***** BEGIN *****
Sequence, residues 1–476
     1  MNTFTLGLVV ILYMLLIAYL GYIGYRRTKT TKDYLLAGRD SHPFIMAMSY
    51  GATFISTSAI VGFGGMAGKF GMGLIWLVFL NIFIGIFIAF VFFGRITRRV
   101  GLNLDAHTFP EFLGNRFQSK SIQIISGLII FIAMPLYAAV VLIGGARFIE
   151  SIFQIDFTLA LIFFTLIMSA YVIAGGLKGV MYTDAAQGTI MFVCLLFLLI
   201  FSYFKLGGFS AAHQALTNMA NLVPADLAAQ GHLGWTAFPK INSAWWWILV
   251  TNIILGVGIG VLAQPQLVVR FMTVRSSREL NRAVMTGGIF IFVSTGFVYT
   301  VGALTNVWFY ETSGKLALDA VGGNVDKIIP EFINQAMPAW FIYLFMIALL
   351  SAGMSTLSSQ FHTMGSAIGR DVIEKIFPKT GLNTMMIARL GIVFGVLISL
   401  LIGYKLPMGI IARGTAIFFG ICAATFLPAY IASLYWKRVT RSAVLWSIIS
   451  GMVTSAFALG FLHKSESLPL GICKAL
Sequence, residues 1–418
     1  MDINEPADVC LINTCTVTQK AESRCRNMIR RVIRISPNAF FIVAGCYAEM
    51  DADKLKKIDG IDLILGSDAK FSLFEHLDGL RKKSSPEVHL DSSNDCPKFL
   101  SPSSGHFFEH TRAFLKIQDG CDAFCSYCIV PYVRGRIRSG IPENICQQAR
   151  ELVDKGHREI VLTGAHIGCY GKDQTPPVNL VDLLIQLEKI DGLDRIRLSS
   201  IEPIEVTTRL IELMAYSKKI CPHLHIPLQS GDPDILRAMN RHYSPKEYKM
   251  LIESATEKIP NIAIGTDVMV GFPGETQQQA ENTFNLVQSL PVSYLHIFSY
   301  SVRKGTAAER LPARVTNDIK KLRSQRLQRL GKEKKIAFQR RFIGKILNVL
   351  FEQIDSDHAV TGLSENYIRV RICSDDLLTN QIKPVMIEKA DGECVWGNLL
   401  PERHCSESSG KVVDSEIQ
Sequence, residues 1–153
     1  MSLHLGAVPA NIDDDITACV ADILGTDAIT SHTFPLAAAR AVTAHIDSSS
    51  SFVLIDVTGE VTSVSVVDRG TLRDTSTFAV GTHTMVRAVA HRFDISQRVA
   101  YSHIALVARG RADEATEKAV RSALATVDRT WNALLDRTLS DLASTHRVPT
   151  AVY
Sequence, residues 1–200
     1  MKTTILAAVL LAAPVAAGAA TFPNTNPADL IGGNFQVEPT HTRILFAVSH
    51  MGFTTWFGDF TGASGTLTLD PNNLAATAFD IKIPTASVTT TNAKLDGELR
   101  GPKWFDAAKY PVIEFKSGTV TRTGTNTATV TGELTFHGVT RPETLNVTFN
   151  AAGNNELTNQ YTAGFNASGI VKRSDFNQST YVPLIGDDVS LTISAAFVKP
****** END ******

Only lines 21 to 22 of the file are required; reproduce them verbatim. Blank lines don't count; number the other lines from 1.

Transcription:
   401  PERHCSESSG KVVDSEIQ
Sequence, residues 1–153